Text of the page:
When I first picked up Elna Baker's memoir The New…
Hey, ladies: Caitlin Moran wants you to stop shaving your kooch. She wants a world where you don’t break the bank on spendy purses and illogical shoes. She’s over strip clubs and wants the power drained from the word “fat.” She wants you to know that women who choose to not have children are doing breeders a favor by proving their worth as people, “rather than being assessed merely for their potential to create new people.”
Moran isn’t writing a scholarly feminist manifesto with her essay slash memoir collection How to be a Woman. It doesn’t always have to be like that, the British columnist says. She’s not taking on the biggies, the pay inequality and female circumcision in Third World Countries. Moran is going after the every dayness of womanhood, which is also important. Consider the Broken Window philosophy. If a window is broken in an empty building and not repaired, the tendency is to further damage damage the building.
“Similarly, if we live in a climate where female pubic hair is considered distasteful, or famous and powerful women are constantly pilloried for being too fat or too thin, or badly dressed, then, eventually, people start breaking into women and lighting fires in them.”
Moran has, instead, written a ridiculously funny, palm-to-forehead collection asking women to look at our role models, pornography and our underwear. She’s calling herself part of the “fourth wave of feminism.” She wants people to consider if what they are doing is polite and she wants you to ask, when considering whether something bears the “spores of misogyny”: “Are the boys doing it?” She does this in a very simple way that kind of makes you go: “Oh. Right. That is ridiculous. I’ll take the Hanes Her Way.” She does this all with a “cunt”-dropping, super fun, back-table-at-the-bar voice that comes in loud and clear.
Moran opens with the scene from her 13th birthday. She’s being chased home by a wild pack of boys who don’t realize that she is a girl. Her dog, while a great companion, is useless as protection. She’s growing up in a house filled with siblings and hand-me-down underwear. Her sisters keep reminding her that they have dibs on her room when she moves out. She leaves home at a young age to get into rock and roll journalism and to show steady improvement in her choice of love interests.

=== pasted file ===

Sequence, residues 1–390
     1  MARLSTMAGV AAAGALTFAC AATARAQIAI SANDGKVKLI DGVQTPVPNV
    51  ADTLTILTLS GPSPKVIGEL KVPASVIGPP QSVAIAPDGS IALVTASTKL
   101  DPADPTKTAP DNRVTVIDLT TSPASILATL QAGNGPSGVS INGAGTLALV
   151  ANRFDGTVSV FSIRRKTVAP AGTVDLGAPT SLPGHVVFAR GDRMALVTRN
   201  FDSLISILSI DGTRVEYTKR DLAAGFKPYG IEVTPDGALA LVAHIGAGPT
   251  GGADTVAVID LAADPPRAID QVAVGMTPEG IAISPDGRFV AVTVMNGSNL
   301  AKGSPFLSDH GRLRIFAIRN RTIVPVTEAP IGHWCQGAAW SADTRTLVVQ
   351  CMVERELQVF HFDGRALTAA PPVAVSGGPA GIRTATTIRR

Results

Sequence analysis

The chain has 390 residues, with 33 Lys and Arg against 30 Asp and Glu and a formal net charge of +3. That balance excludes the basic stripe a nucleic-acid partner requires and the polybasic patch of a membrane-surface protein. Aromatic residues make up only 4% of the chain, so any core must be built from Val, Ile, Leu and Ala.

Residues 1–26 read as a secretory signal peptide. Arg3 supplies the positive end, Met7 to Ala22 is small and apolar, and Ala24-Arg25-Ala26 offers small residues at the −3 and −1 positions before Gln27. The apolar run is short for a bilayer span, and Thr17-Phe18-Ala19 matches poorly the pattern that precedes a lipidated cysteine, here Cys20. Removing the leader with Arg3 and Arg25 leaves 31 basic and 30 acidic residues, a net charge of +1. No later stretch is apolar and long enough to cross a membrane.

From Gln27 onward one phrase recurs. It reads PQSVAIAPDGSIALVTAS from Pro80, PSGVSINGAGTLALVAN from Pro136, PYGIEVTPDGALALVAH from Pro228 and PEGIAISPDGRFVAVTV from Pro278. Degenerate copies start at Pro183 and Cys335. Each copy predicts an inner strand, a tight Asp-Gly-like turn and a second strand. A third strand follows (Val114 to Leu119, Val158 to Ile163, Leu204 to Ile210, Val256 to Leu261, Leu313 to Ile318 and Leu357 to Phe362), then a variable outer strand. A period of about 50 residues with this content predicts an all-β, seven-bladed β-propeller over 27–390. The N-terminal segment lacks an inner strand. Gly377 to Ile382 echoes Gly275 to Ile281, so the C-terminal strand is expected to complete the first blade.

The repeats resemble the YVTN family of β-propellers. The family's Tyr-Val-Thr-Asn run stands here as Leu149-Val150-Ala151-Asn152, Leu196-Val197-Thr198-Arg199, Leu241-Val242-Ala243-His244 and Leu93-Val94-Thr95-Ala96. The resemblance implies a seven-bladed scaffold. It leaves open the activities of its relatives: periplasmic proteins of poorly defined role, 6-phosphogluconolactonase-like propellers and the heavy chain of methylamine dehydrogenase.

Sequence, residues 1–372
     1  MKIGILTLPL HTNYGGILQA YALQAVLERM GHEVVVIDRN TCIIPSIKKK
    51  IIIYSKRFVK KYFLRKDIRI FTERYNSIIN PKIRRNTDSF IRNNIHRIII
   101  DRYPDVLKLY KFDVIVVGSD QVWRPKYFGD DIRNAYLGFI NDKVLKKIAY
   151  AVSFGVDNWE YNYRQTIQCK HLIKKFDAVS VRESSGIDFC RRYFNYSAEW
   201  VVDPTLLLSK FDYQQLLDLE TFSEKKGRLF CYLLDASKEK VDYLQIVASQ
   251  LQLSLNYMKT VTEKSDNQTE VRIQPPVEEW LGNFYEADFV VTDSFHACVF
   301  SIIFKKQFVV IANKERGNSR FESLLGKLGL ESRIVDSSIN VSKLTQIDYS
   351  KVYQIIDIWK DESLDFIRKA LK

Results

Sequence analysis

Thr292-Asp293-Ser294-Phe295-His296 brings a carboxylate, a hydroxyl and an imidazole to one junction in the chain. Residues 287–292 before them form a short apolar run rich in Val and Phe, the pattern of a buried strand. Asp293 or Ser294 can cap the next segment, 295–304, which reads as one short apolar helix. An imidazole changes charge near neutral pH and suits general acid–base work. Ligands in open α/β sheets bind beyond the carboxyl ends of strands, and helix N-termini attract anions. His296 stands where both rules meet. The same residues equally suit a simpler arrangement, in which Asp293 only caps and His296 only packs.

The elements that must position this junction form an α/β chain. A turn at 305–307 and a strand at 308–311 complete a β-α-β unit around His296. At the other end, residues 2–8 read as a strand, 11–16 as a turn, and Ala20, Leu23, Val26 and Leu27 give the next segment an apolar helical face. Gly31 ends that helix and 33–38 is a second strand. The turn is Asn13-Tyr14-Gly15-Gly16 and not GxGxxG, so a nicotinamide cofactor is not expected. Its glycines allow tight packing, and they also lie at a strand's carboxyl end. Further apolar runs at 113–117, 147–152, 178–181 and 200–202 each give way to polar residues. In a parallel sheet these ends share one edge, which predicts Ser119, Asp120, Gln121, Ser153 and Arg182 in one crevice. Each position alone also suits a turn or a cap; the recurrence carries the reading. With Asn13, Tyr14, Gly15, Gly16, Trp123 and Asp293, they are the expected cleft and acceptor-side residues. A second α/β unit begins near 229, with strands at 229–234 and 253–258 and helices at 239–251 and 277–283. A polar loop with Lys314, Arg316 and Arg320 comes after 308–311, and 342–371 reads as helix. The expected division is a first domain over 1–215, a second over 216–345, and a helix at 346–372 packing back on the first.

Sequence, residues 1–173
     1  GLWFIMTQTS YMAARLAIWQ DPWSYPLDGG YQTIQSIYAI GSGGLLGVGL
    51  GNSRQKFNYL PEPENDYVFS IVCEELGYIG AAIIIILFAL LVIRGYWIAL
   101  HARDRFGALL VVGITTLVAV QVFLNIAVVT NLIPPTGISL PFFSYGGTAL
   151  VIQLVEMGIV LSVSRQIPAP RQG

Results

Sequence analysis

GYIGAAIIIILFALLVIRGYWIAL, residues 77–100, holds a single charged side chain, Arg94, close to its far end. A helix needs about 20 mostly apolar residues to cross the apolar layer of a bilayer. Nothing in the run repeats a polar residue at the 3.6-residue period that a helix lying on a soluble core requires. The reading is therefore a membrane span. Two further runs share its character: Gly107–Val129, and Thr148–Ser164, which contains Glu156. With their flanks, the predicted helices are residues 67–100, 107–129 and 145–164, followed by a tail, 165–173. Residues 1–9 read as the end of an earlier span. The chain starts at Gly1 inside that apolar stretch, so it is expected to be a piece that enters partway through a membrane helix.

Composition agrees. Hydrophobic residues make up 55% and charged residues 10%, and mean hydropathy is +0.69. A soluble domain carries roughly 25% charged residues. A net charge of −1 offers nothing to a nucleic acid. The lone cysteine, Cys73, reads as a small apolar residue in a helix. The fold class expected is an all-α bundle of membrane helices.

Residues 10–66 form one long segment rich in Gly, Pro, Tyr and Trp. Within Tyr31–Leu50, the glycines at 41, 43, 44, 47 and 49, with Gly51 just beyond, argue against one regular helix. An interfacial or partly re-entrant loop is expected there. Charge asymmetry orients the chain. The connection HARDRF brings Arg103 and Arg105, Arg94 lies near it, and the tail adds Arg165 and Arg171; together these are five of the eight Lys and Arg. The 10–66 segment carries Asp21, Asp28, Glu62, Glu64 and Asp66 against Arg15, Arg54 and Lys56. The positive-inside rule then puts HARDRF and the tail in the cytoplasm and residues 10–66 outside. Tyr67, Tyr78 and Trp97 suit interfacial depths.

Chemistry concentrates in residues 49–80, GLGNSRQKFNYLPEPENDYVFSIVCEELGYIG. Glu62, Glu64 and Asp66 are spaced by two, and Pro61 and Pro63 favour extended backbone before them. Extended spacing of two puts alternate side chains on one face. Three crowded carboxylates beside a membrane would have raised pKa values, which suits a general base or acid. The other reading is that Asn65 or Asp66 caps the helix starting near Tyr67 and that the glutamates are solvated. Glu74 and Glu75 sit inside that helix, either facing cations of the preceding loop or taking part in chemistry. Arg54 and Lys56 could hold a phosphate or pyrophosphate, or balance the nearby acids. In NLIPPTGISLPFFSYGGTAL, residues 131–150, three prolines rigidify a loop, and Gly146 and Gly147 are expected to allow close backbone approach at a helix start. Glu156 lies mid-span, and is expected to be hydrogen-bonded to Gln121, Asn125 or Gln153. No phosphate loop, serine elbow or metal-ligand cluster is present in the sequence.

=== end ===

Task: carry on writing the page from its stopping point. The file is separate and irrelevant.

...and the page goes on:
Eventually she learns some life truths:
“I now believe there are only four things a grown, modern woman should have: a pair of yellow shoes (they inexplicably go with everything), a friend who will come and post bail at 4 a.m., a fail-safe pie recipe, and a proper muff. A big, hairy minge.”
One of the problems with a book like this is that it gets passed around to women who have already eschewed the Brazilian in favor of going au natural. It’s preaching to a choir of people who already sing along to Lady Gaga’s “Born This Way” and don’t wear worry about Marc Jacobs.
Caitlin Moran isn’t, like Germaine Greer, asking you to taste your own menstrual blood. She just wants you to be able to stand on a chair and say aloud: “I am a feminist.” It comes down to two questions: Do you have a vagina? Do you want to be in charge of it? If you say yes to both, you’re a feminist. And if you can’t, she says, you’re basically bending over, saying “Kick my arse and take my vote, please, patriarchy.” It’s not that she hates men. She’s cool with them. Men have made iPads and Arctic Monkeys. She thinks they would welcome the break of letting women in. They could play laser tag for awhile.
“And they’re funny, and I’m friends with lots of them, and they’re good for having sex with, and they look great in reproduction World War II uniforms, or reversing into tight parking spaces.”